Top 5 Canadian accessible diving destinations

Daryl Rock always wanted to scuba dive. And today he does. Many a vacation he spends in the world’s warm-water diving meccas, among walls of anemones, fish-teeming reefs. So where’s the story? In the missing detail: Rock is a quadriplegic. A 1983 car accident put him in a wheelchair just months before he was planning to get his scuba certification.

Today Rock doesn’t just dive — he talks up the sport. As president of Freedom at Depth Canada (Liberté en Profondeur Canada), a Quebec-based charitable organization that scuba-trains and certifies people with all kinds of disabilities, he opens folks up to what lies beneath, barrier- and gravity-free. “In effect you’re flying” Rock says of his own experience. “You can hear your bubbles. There’s a very deep serenity.”

Wait a sec: just how does a quadriplegic scuba dive? “It’s a cerebral sport — not necessarily a physically demanding sport,” says Rock. Think of the acquired skill as piloting a hot-air balloon rather than swimming. It’s about finding a perfect still point of neutral buoyancy — if you get your balance right there’s no need for macho exertion.

Freedom at Depth Canada is the brainchild of Hubert (“Hubie”) Chrétien who worked with an American named Jim Gatacre to develop a rigorous scuba-training course for people with disabilities north of the 49th parallel. Chrétien trained Rock and the two became friends, diving buddies and eventually associates.

In six years Freedom at Depth Canada has scuba-certified almost 900 people with disabilities — and trained dozens of dive instructors to teach the course. And so the pond ripples. In Hubie Chrétien’s case, that happens literally in the pool in his house in Quebec’s Gatineau region. When people with disabilities come here for the course, they often stay for a whole week and get the lessons done in a shot – staying either at a local hotel or in the fully accessible suite in Chrétien’s house.

As for Daryl Rock these days, he loves that every dive outing is a kind of teachable moment for a culture still figuring disabled issues out.

“I love when people say to me, ‘You scuba dive?’ Because maybe now they’re also thinking that somebody in a wheelchair can work, too.”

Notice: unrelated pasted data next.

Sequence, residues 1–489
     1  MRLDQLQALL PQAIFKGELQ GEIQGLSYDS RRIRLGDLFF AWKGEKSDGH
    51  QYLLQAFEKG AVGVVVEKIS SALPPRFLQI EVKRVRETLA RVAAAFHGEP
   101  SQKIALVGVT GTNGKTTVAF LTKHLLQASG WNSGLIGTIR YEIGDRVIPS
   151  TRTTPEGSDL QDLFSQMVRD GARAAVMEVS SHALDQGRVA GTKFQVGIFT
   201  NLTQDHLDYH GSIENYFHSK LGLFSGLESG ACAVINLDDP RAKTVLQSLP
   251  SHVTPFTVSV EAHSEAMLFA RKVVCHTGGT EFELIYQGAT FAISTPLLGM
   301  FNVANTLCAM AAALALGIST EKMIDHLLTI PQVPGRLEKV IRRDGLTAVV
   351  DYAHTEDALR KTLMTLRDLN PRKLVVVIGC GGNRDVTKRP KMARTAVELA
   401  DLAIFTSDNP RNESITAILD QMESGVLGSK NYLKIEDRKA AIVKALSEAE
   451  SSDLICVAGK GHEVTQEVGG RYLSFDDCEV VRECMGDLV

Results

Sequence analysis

Top 5 Canadian diving destinations for people with disabilities:

If you have a disability, where you choose to go scuba diving will depend on, well, you. Legally blind? A tactile wreck dive may be the ticket. Paraplegics may yearn to dive among seals, or prehistoric six-gill sharks, or even flooded towns. Fortunately, Canada, home to some of the best temperate-water scuba diving in the world, offers all of these options and more.

The key is to pick a destination with great diving, good support, and a disabled-accessible hotel close by. (Within a few hours’ drive of a big city is ideal.) It’s sometimes easiest to tag along on a tour organized by a local dive shop, joining the able-bodied divers (though you may have to arrange separate accommodations). Some dive shops can handle this and even offer HSA certification. You just have to call around. Before trip planning, check out:

DIVE ONE: Shore dive, Whytecliff Park, near Horseshoe Bay on Vancouver, British Columbia‘s North Shore.

Canada’s first Marine Protected Area teems with more than 200 varieties of marine life (and a resident seal called “Pearl”). A ramp allows you to bring your chair right down onto the beach. Just 25 minutes from downtown Vancouver — one of the most accessible cities in North America. (If you’re planning on diving in British Columbia, your first call should be to the Pacific Northwest Scuba Challenge Association (PNSC) for information about the unique challenges of the area.)

DIVE TWO: Shark dive, Hornby Island, BC.

Hornby’s beautiful in its own right. So’s the diving. The tantalizing attraction is the six-gill sharks: huge, prehistoric (but benign) sharks that live in the area and occasionally swim up from the depths to meet divers. The dive shop here has hosted divers with disabilities, through the PNSC dive club, since the 1980s.

DIVE THREE: wreck dive, Cardinal, Ontario.

The steamship SS Conestoga caught fire and sank in 1922, and now lies, well-preserved, in shallow water very close to shore — one of about a dozen wrecks in the St. Lawrence Seaway you can dive to.

DIVE FOUR: Shore dive to “The Village that Couldn’t Swim” : Mille Roches, ON.

In the late 1950s a massive hydroelectric dam project basically flooded a whole town and diving down today you can see the Mille Roches power house, a generating station with water gates and turbines still clearly visible. Drift downriver at a speed of about one knot till you get to the end of the town, then come ashore.

DIVE FIVE : Seal dive, Forillon National Park, Quebec

This area, close to famous Percé Rock and Île Bonaventure (itself a great diving spot) on the tip of Quebec’s Gaspe Peninsula, is home to a friendly and inquisitive seal population that comes right into the shallows. There are a number of dives here with shore access. Divers will of course, as always, require able-bodied buddies. For more information on diving with a disability in Quebec:

Article courtesy of the Canadian Tourism Commission.